American's Don't Travel

Anonymous
American's Don't Travel

First off: MURICA! USA! USA! USA! Yes, had to do it. We're required by law to chant this whenever confronted with any type of foreigner, especially the ones that like to argue in bold caps that IT'S CALLED FOOTBALL! Seriously you should probably know that at this point we're just arguing because we know it gets your knickers in a twist, but let's move on to the topic at hand, shall we. Travel! Leaving ones home turf to travel through another. Why don't more American's do it?

This stereotype, I will say for most American's is true. Before all you American world travelers can start barking up a storm, we know you exist and are trying to change the stereotype, but let's face it...line up a thousand random American's, and out of that bunch maybe 10 of them manage to do any sort of world traveling on any sort of regular basis, and those ten are probably old retirees. Before you foreigners go about saying, see, look we told you so, it's all true, it's not just because we don't want to and we love Murica. That's far too simple. Ask an American, would you like to travel to xyz, and they'd happily say yes, but that yes, is always curbed by the following reasons why sadly we don't tend to travel.

American's Don't Travel

1. What is time off?

I used to work a job where I worked 50 hour work weeks every single week. Had only one weekend day off, had to come in at 3am for media sometimes, or stay overnight for events. I only got 2 weeks paid vacation, but as a manager, the only way I could actually take that time off would be if I found another manager to cover all that time, and the majority of our schedules ran concurrently, so it was practically impossible. My boss let everybody else including janitorial and cafe staff take their vacation time if they requested it but would routinely tell our team that we couldn't take ours off because this week was important, and we need you for this, and you run this so you can't take that week off. It was ridiculous and I'm pretty sure borderline if not illegal (don't worry I sure as heck don't work there anymore), but having said all that, I was still...on paper anyway...one of the lucky ones with paid vacation. So many Americans don't get that and desperately need the income they are bringing in even with a spouse or significant other working, so the mere idea one could just run off on vacation is one where one is going to probably have to take several financial hits...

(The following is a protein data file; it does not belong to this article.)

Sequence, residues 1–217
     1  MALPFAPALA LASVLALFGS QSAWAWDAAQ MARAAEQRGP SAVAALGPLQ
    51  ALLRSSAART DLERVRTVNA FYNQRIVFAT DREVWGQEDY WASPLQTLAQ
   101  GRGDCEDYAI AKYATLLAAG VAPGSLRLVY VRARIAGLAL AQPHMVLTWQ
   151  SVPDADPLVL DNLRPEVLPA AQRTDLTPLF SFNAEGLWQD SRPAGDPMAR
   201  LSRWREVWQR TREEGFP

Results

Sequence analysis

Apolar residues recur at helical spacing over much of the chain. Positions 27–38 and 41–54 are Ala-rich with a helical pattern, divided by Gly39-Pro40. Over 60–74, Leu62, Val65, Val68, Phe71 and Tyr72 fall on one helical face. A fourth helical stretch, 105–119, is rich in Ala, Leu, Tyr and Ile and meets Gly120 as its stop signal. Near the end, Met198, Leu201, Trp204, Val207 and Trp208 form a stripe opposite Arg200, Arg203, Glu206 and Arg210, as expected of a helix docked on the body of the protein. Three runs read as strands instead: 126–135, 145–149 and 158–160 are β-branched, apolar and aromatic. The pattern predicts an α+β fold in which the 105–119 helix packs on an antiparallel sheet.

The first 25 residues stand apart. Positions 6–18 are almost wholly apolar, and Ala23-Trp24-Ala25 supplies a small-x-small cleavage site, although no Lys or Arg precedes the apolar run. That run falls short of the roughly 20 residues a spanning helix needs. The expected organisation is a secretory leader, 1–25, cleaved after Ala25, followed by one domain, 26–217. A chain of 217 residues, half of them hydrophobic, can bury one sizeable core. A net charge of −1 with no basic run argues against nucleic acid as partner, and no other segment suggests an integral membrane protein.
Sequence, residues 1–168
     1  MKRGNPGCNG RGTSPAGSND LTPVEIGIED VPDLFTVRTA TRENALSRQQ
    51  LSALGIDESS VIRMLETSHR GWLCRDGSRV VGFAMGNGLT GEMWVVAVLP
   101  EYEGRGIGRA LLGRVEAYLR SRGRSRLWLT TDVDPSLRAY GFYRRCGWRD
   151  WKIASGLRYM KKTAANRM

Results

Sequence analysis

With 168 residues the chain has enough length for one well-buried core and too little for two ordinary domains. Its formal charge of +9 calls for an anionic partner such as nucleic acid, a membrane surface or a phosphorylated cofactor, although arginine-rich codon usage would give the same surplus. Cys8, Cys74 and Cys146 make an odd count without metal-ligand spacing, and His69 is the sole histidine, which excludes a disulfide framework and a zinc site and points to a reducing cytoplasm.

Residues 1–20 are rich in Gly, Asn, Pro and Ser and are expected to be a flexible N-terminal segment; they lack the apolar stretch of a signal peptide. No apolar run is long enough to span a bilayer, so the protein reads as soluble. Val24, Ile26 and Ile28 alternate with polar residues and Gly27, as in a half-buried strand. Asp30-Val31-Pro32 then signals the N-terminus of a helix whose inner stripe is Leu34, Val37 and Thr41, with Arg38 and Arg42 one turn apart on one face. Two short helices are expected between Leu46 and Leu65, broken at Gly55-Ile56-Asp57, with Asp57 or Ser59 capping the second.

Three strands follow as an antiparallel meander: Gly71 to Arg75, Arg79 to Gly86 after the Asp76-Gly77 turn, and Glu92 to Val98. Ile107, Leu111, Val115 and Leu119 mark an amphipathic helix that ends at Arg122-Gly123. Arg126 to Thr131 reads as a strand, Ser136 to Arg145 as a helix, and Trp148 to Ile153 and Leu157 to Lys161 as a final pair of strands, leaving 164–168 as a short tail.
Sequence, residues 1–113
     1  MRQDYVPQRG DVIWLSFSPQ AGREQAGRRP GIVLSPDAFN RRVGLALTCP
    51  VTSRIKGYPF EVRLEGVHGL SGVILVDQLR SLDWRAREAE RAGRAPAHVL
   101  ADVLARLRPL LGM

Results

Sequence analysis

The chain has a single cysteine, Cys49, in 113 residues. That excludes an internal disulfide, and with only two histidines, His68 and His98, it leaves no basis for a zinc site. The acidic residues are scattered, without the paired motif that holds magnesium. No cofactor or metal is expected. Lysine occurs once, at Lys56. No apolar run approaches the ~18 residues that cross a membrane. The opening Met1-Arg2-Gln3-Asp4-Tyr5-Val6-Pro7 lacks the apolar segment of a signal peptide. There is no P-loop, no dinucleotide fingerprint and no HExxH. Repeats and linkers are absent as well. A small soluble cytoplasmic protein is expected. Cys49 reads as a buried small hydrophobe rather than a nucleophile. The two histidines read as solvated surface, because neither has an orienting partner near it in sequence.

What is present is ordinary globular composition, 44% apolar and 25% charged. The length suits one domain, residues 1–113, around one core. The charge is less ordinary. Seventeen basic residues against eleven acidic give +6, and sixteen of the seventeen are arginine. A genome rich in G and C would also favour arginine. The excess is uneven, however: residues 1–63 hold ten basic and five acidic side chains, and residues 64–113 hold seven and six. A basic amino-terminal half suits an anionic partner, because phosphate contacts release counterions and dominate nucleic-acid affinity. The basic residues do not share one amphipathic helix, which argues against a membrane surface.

2. Not enough time for that time off

Assuming you're one of the lucky ones who even gets vacation time, it is usually max 2 weeks and for the majority it is unpaid time off. Most Europeans get like a month off during the year on which to wile away their days, and there is at least in my opinion anyway, a system there that encourages employees to not run themselves into the ground through work, but to take those vacations and come back rested and relaxed. Not so much in the US. As mentioned above, it always seems to be like some horrible imposition on your employer should you dare try and take a vacation. Let me go further and say...should you dare take like 2 days off in a week because God forbid, your husband or kid is in the hospital. It's practically a crime, and so most just slog through the year and don't ever take what little if any time they are allotted.

3. We live in a giant a-- country far far away

Let me just put this one into perspective. In the state of Texas, one can drive 12 hours....let me repeat that...one can drive 12 full hours from edge to edge and still be in Texas, and that's just one state. We've got a lot of land mass to explore and we like it. That's something foreigners really need to understand. Yes everywhere else on the planet I'm sure is great, but there is nothing wrong with liking to actually explore your own vast country. We also like it because when you only have a few days and not a lot of money, it makes sense to just road trip somewhere and come back without having to hassle through the nightmare that has become airport security, especially when trying to travel abroad. A road trip for someone in Europe might land them in France and Italy via a four hour road trip...we don't have that luxury unless we're going to either Canada or Mexico.